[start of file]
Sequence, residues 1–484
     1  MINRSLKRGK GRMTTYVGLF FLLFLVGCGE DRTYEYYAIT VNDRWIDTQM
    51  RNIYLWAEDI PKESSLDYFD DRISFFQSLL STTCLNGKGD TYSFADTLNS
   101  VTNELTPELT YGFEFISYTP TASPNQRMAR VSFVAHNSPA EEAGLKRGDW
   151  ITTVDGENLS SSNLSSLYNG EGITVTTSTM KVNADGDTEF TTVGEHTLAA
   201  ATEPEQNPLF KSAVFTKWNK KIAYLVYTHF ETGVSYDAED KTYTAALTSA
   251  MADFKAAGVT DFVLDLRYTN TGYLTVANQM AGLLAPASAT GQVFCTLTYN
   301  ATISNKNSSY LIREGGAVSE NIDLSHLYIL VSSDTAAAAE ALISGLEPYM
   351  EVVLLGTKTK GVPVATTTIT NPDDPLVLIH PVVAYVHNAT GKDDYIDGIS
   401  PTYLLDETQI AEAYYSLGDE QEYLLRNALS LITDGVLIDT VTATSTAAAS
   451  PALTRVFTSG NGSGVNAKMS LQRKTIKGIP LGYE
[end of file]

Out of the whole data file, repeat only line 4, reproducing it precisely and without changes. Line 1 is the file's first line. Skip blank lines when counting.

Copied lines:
   101  VTNELTPELT YGFEFISYTP TASPNQRMAR VSFVAHNSPA EEAGLKRGDW